001MSC: W201TuTh 1:00pm - 2:15pmCarol Coxmax 36
MATH 212: Differential EquationsCredits: 4− Description− Sections
Content: First and second-order differential equations, systems of differential equations, power series solutions, applications.
Particulars: Primary emphasis will be placed on developing techniques for the solution of differential equations. Some time will be spent on theory and applications.
Prerequisites: Math 112 or Math 112s or Math 112Z.
000MSC: W301MWF 10:40am - 11:30amPeter Komjathmax 30
001MSC: W302MWF 11:45am - 12:35pmPeter Komjathmax 30
MATH 221: Linear AlgebraCredits: 4− Description− Sections
Content: A study of systems of linear equations, matrices, determinants, linear transformations, eigenvalues and eigenvectors.
Particulars: This course is required for most degrees in mathematics, computer science and math-economics. Math 221 is also a prerequisite for several other courses required for these degrees. Students who have completed Math 250 and desire a more abstract treatment of linear algebra, should consider enrolling in Math 321 instead of Math 221.
Prerequisites: Math 112 or Math 112s or Math 112Z.
001MSC: W303TuTh 11:30am - 12:45pmRobert Rothmax 34
002MSC: W301MWF 2:00pm - 2:50pmLuca Gerardo Giordamax 34
MATH 250S: Foundations of MathematicsCredits: 4− Description− Sections
Content: This course provides the bridge from calculus to more abstract mathematics courses. It is a small seminar intended to develop the student's ability to work with fundamental logical and mathematical concepts. Emphasis will be placed on the careful and precise expression of ideas. The students and the instructor will construct proofs of theorems and present them in class.
Particulars: Students planning a degree in Mathematics should complete Math 250 by the end of their sophomore year.
Prerequisites: Math 112 or Math 112s or Math 112Z or consent of instructor.
001MSC: E408TuTh 11:30am - 12:45pmSteve Battersonmax 16
002MSC: W306TuTh 2:30pm - 3:45pmRobert Rothmax 16
MATH 321: Abstract Vector SpacesCredits: 4− Description− Sections
Content: This course will begin with the theory of vector spaces. We will examine matrices and linear transformations and then develop their relationship. All of this builds toward the study of eigenvalues, diagonalization, and Jordan canonical form. Emphasis will be placed on rigorous proof and intuition, rather than computation.
Particulars: This course is required for the B.S. degree in Mathematics. Math 221 is no longer a prerequisite for Math 321. However, since Math 321 will assume familiarity with matrices, some students might benefit from enrolling in Math 221 prior to Math 321.
Prerequisites: Math 250.
000MSC: W201MWF 8:30am - 9:20amDwight Duffusmax 30
MATH 346: Intro. to Optimization TheoryCredits: 4− Description− Sections
Content: Topics include: Modeling and optimization analysis, simplex method, duality, transportation problems, elements of probability theory and game theory.
Prerequisites: Math 221 (or 321) and CS 170 or consent of instructor. *Strongly recommended*: Math 211.
000MSC: W306TuTh 11:30am - 12:45pmVladimir Olikermax 25
MATH 351: Partial Differential EquationsCredits: 4− Description− Sections
Content: PDE's and their origin, classification of PDE's, analytical methods for the solutions of PDE's, qualitative properties of the solutions, eigenvalue problems and introduction to numerical methods. At the end of the course students should know to use PDE's for simple models, classify PDE's and solve some simple PDE's.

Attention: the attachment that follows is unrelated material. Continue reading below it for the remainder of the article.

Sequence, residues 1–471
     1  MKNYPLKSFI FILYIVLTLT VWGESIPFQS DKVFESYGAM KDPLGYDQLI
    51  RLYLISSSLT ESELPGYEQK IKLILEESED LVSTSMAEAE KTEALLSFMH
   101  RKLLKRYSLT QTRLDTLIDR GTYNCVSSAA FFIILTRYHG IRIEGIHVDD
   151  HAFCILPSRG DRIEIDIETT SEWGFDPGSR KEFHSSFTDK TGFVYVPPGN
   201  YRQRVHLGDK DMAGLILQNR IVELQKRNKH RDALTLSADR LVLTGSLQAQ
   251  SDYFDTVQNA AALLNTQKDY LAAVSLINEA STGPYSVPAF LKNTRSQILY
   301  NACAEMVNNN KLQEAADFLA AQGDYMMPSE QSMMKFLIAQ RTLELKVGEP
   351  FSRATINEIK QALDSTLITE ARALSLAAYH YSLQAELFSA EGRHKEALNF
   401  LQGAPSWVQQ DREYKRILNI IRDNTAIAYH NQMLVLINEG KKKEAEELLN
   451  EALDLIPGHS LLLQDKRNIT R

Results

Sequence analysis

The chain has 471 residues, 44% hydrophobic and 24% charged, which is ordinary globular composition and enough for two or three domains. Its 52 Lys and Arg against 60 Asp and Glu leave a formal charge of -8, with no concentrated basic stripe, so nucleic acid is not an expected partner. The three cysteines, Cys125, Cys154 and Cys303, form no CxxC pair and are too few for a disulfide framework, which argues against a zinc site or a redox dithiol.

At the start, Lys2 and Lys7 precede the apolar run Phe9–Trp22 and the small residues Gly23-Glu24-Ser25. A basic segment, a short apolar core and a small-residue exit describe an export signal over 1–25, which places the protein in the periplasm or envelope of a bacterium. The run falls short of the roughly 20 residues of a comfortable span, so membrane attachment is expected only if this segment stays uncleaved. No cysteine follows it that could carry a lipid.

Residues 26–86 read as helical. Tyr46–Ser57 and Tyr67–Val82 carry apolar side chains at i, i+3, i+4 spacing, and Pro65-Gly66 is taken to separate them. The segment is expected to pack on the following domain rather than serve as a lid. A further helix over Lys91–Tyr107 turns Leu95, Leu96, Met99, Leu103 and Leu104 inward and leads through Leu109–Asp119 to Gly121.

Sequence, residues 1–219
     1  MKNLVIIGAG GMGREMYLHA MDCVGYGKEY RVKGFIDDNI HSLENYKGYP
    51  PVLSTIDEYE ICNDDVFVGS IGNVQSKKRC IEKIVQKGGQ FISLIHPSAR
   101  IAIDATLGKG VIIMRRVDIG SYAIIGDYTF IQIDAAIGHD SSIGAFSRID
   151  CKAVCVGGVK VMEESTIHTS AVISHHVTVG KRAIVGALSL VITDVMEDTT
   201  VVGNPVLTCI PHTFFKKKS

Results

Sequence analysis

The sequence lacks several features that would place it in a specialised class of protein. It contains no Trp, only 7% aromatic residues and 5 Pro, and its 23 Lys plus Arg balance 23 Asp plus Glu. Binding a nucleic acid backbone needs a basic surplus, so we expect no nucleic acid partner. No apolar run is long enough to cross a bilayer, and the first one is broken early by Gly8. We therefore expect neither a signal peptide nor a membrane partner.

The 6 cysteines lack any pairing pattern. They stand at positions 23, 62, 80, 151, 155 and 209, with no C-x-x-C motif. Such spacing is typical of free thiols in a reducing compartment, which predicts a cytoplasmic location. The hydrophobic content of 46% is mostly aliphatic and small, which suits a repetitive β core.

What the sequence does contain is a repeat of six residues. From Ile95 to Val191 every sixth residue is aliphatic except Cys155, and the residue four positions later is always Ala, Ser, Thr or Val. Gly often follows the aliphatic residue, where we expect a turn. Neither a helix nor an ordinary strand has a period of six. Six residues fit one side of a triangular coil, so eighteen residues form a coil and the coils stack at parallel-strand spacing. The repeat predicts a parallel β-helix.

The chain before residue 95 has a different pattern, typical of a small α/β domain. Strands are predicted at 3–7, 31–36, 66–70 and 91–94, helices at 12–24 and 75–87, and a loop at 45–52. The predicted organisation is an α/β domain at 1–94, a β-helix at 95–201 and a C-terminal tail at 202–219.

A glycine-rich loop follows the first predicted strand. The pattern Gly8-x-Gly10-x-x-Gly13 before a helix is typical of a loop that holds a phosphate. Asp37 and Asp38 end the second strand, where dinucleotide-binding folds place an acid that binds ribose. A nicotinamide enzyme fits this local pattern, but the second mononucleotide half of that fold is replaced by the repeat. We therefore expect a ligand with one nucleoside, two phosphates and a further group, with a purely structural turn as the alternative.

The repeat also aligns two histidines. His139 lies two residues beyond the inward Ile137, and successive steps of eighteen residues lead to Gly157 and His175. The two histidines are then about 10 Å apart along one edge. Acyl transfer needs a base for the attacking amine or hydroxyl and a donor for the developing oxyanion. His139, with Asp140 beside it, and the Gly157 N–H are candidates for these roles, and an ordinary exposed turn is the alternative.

Prerequisites: Math 211, Math 221.
000MSC: W306TuTh 8:30am - 9:45amEldad Habermax 25
MATH 362: Probability & Statistics IICredits: 4− Description− Sections
Content: The mathematical theory of statistical inference. Heavy use will be made of the theory of probability developed in Mathematics 361.
Prerequisites: Math 361.
000MSC: W306MWF 10:40am - 11:30amDavid Borthwickmax 28
MATH 412: Real Analysis IICredits: 4− Description− Sections
Content: This is a sequel to Math 411: Real Analysis I. Topics in differentiation and integration of functions on Euclidean n-space will be studied.
Particulars: Emphasis will be placed on proof and intuition rather than computation. This course is required for the BS degree in Mathematics.
Prerequisites: Math 411.
000MSC: W306MWF 9:35am - 10:25amEmily Hamiltonmax 20
MATH 422: Abstract Algebra IICredits: 4− Description− Sections
Content: Math 422 is a continuation of Math 421, and is primarily concerned with Ring Theory and Field Theory. Rings and fields were invented to solve problems in the theory of numbers, but now have broad applications in all parts of mathematics. Topics in Math 422 include: polynomial rings, unique factorisation, Euclidean domains, Fields (definition), splitting fields of polynomials, elements of Galois theory, finite fields.
Prerequisites: Mathematics 421
000MSC: E406TuTh 10:00am - 11:15amRaman Parimalamax 16
MATH 425S: Mathematical EconomicsCredits: 4− Description− Sections
Content: The course focuses on various models from microeconomics and on the mathematical tools used to analyze these models. The scope includes consumer behavior, theory of the firm, risk analysis, and game theory. The underlying mathematical tools come generally from constrained optimization of functions of several variables. The material studied is from the class notes and from the current literature.
Particulars: This course is required for the joint major in economics and mathematics.
Prerequisites: Econ 201 and 212; and Math 211 or permission of the instructors.
000MSC: W306TuTh 1:00pm - 2:15pmSkip Garibaldimax 8
MATH 489R: Topics in Analysis - Computational Methods in ImagingCredits: 4− Description− Sections
Content: This course introduces students to mathematical and computational methods used in biomedical imaging. Topics to be covered include digital image models and file formats, enhancement, convolution, Fourier transforms, filtering, segmentation, image restoration, and image reconstruction. Particular attention is given to computer implementations using MATLAB.
Prerequisites: Math 221 (Linear Algebra) and Math 315 (Numerical Analysis), or permission of the instructor.
001MSC: W304TuTh 1:00pm - 2:15pmJames Nagymax 20
MATH 495RWR: HonorsCredits: 1 - 4− Description− Sections
000Faculty (TBA)
MATH 497R: Directed StudyCredits: 1 - 4− Description− Sections
Content: Credit, one to four hours, as arranged with the department.
00PFaculty (TBA)